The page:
By Elyssa Parnell firstname.lastname@example.org
July 11, 2014
NEWBERRY — Gene Shealy is making the safety of Newberry County citizens his number one goal with his promotion as the captain of Recruitment and Retention for the Newberry Fire Department.
Shealy came off his shift work June 30 to help with day to day operations. The promotion is part of a Federal Emergency Management Agency Staffing for Adequate Fire and Emergency Response (SAFER) Grant awarded to the department.
The grant will fund 100 percent of the position for four years. At the end of those four years, the City of Newberry will have to decide to continue the position, or let it go.
Born and raised in Newberry, Shealy attended Newberry High School, later attending Piedmont Technical College for year in business management. He will go back to school in August to attend Columbia College to study emergency services management.
Shealy’s career began with Newberry Fire Department in 2005 after graduating from the S.C. Fire Academy in April of that year.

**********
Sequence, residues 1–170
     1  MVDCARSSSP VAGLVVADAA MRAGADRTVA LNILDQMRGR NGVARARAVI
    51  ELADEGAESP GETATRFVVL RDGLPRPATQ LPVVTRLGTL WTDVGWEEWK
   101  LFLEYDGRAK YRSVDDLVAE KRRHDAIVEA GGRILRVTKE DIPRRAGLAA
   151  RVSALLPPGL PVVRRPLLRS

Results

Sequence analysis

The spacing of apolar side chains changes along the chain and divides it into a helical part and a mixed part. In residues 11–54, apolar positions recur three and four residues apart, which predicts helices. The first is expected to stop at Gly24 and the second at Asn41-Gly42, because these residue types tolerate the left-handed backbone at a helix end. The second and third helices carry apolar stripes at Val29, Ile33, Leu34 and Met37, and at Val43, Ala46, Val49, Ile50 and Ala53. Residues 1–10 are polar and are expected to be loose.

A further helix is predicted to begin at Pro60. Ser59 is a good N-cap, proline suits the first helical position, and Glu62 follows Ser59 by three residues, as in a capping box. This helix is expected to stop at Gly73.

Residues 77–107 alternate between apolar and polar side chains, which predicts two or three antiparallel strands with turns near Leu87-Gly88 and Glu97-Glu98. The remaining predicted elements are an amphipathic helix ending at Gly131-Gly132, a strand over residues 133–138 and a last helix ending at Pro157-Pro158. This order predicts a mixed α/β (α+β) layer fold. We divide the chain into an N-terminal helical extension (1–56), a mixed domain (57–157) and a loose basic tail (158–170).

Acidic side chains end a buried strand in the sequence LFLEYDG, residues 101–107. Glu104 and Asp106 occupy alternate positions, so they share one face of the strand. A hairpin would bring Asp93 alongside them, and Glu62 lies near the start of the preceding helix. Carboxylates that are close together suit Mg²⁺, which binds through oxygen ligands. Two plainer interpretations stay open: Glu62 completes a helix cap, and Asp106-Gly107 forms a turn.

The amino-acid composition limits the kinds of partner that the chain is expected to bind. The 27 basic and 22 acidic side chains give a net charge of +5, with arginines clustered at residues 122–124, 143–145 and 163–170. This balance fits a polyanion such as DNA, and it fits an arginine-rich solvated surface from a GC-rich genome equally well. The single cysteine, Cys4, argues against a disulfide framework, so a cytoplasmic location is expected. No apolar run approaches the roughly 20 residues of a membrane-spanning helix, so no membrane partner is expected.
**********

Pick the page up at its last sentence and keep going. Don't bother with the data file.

“I can’t say I ever really wanted to be a firefighter,” Shealy said. “It just sort of happened.”
When Shealy was attending PTC he was studying business management.
In 2008, he was promoted to engineer. After classes and achieving certification, his job included driving the fire engines and pumping water from the engine to the fires.
An internal position within the department was also given to Shealy in 2008 as he was promoted to senior engineer. Although no pay increase, Shealy’s responsibility grew within the department as the position required him to run the station when other officers are off duty.
In January 2012, Shealy was then promoted again to lieutenant, putting him working under the captain. As lieutenant, Shealy said this meant he would coordinate training and daily activities, along with being the incident commander on fire scenes when the captain was not present.